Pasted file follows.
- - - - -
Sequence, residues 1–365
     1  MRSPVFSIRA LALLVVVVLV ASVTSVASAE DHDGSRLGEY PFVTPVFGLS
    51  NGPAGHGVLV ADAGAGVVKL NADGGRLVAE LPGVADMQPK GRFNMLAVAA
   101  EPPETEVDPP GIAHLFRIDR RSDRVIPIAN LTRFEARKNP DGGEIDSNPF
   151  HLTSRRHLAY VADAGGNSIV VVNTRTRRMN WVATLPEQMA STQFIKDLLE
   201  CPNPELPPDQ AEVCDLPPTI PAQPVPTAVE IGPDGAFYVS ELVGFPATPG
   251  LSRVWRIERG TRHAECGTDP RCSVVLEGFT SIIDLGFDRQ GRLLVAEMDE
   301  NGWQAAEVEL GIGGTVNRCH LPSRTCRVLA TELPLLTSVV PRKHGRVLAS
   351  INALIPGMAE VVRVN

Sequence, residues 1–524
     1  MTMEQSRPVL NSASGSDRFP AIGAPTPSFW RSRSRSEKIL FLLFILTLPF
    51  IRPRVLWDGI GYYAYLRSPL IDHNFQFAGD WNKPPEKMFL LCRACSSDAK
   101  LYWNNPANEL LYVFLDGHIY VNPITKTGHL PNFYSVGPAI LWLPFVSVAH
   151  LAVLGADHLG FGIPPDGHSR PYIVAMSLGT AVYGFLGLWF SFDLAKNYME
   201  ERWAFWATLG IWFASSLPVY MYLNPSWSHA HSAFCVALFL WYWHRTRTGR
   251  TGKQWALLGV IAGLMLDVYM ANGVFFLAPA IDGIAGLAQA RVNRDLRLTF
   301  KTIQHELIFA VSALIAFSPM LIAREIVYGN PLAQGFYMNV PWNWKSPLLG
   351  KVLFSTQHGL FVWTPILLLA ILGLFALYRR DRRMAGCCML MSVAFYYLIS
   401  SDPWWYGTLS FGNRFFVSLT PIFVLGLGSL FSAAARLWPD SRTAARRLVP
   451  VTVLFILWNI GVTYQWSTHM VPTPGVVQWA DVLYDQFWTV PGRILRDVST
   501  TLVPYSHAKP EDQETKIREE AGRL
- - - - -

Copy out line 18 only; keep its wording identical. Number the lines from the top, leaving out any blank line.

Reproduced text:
   351  KVLFSTQHGL FVWTPILLLA ILGLFALYRR DRRMAGCCML MSVAFYYLIS